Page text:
Which also applies to Malia. Malia, a woman whose quirky viewpoint and often harsh outlook makes her an excellent lens for looking at anything in a radically different light. She is not just a dangerous fighter, but that different lens gives her the potential to bring so much insight and knowledge that not even the most intelligent of the other cast members can match. On top of that, she must have her own struggles - she is quite literally relearning what it is to be human again. She is not just trying to catch up on several years of education but also relearning basic social interactions, and acceptable behaviour. And what about her family? Her father thought she was dead for years and now has a near adult nearly feral-daughter to try and reconnect with? And that’s before we consider Peter and the Desert Wolf, both less than stellar parenting models who practically scream for lots of conflict and trouble.

Yet Malia’s most dominant presence, beyond comic relief, is as Stiles’s girlfriend. Again, it’s not a bad relationship and not one I dislike - but there is such a vast potential to Malia that she deserves a far greater and richer depiction than what we have seen. She deserves her own storylines, not just the ones that extend Stiles’s story.

We now have the introduction of Hayden. Hayden who is struggling with a sudden revelation of the supernatural, Hayden who has supernatural abilities herself. Hayden who has her own personal struggles of chronic illness and the cost of medications. Hayden, in short, who has a lot of potential storylines and conflict in her.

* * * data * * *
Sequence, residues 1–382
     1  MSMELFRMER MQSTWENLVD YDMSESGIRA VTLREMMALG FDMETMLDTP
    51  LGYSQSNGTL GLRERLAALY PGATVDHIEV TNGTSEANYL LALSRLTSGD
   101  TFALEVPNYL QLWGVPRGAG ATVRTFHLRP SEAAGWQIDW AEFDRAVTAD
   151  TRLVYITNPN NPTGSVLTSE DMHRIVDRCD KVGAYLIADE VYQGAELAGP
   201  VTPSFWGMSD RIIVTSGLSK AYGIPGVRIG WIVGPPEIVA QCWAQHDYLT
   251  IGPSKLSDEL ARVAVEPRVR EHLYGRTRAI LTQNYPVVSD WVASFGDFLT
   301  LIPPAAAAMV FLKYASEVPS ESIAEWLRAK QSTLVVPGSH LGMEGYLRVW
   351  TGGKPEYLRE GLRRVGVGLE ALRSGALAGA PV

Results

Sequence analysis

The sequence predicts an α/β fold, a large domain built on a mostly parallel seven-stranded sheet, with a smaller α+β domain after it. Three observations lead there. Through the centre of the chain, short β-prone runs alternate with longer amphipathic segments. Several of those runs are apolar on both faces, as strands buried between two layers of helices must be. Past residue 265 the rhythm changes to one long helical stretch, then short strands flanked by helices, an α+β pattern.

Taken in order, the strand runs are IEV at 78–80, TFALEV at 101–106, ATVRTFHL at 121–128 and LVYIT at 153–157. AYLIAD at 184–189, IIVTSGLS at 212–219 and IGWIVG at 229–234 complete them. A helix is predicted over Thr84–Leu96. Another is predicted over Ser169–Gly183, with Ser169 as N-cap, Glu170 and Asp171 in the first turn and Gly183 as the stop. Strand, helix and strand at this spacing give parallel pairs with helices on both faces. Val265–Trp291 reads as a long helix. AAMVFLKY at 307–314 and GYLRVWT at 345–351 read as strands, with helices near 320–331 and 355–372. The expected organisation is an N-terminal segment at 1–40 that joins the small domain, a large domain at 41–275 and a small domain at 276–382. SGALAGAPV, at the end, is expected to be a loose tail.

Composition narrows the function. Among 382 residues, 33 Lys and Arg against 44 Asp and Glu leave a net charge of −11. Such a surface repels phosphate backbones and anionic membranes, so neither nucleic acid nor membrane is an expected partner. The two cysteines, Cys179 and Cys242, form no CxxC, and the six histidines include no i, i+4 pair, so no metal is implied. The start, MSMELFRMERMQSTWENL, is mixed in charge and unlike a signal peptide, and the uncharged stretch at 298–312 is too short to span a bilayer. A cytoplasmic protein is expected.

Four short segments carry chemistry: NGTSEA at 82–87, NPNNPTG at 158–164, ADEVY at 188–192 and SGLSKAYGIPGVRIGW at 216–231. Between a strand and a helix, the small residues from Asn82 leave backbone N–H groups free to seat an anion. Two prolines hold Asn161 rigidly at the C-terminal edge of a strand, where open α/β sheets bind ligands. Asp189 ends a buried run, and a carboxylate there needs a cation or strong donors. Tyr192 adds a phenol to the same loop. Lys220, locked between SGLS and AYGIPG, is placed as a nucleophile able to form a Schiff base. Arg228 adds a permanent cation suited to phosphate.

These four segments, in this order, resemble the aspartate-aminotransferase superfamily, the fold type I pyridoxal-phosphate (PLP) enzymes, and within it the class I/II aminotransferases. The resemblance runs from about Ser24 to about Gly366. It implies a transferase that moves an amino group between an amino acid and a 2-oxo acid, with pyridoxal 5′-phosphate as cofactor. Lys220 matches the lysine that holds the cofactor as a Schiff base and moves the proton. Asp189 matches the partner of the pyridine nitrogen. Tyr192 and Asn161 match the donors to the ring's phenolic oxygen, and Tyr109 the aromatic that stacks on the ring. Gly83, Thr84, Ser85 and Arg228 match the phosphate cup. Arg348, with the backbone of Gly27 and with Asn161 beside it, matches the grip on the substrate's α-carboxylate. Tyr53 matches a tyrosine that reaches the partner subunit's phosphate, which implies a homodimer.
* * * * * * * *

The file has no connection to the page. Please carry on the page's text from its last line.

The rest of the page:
Yet, again, what we get is Liam’s love interest. It consumes most of her attention, most of her screen time and pretty much all of her storylines. Is this Hayden Romero - or Mrs. Liam Dunbar?

On top of these excellent characters unable to be more than love interests, we also have the mothers: Noshiko Yukimura, Kitsune, ancient, font of wisdom and knowledge is, as I’ve said above, continually ignored despite it making no sense to do so.

Natalie Martin, Lydia’s mother who we’ve only seen glimpses of - yet those glimpses have been excellent. When we have seen her she has been supportive of her daughter as a capable - and sexual - being. And now we finally have an indication that she knows about the supernatural (on top of being the daughter of a Banshee and the mother of a Banshee surely giving her a moderate chance of being a Banshee herself) giving her the full potential to be part of the story… and yet we haven’t seen it yet and it’s unlikely we ever will.

The only reason Natalie doesn’t shine as being an awesome mother figure, beyond her sheer lack of presence - is because Melissa McColl is so damn awesome that she puts everyone else in shade. Her support of Scott, her fighting for him, her awesome pep talks, her dedication in helping him and his friends as they confront the supernatural - and the confidence to allow them and to expect them to do so - make her an all round excellent character (and, again, a mother who isn’t freaked out with the idea that her child is having sex). And, between the money troubles, the coming to terms with the supernatural, her worry about her son and being one of Beacon Hills’ Medical professions surrounded by mayhem, monsters and chaos - she has more than enough fuel for a storyline or three. In fact, I would be the ultimate fanpoodle for a Melissa McColl spin off series because the only thing that is wrong with Melissa’s character is her lack of presence on screen - her lack of doing anything but being supportive and dishing out truly awesome pep talks.

Yes, there are always side characters and supporting casts - and in a show that focuses on teeangers it is sadly almost inevitable that parents are going to be put in this role: but, like so many tropes it is made problematic by its prevalence and context. The parents being sidelined in a teenaged show would be not worth mentioning - if all the women weren’t all sidelined, teenaged and adult.